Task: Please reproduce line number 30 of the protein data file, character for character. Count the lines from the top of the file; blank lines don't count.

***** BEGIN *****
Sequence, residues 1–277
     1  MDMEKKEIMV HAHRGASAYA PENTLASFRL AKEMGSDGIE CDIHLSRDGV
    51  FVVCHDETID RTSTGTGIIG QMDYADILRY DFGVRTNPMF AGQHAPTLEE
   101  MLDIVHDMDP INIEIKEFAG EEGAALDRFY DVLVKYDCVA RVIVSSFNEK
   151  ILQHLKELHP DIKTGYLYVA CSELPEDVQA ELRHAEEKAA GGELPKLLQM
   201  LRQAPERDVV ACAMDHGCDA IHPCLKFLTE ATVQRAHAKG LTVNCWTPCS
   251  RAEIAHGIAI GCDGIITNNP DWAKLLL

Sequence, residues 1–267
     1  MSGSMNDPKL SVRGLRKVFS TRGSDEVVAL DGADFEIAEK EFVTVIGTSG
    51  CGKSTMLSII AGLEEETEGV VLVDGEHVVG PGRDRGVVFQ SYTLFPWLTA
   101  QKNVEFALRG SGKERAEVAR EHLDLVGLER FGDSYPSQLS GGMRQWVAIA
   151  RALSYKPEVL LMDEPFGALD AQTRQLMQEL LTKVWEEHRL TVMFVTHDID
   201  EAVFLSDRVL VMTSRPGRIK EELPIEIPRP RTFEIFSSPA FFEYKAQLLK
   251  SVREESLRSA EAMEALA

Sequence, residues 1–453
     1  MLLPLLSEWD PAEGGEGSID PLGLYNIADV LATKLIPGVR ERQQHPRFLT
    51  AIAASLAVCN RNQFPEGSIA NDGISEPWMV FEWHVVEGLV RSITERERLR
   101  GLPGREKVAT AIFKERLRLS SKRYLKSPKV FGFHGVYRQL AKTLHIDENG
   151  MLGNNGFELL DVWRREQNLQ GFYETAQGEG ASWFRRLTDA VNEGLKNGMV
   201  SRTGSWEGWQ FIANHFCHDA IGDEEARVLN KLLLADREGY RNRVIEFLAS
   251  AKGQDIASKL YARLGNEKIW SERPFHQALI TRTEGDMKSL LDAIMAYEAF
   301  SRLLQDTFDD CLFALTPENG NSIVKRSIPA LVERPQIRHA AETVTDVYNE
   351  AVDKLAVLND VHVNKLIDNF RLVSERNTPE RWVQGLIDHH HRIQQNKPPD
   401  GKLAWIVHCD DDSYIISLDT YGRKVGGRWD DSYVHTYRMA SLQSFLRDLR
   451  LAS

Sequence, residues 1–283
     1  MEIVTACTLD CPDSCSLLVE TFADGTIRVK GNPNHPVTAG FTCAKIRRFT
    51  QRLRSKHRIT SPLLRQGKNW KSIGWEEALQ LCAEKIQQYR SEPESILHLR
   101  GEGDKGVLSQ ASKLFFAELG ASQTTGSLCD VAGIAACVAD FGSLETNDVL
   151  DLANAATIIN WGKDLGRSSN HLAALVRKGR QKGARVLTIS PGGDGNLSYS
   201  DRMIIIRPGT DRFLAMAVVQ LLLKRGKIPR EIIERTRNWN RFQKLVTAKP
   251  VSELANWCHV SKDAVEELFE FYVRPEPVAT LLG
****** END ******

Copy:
   151  DLANAATIIN WGKDLGRSSN HLAALVRKGR QKGARVLTIS PGGDGNLSYS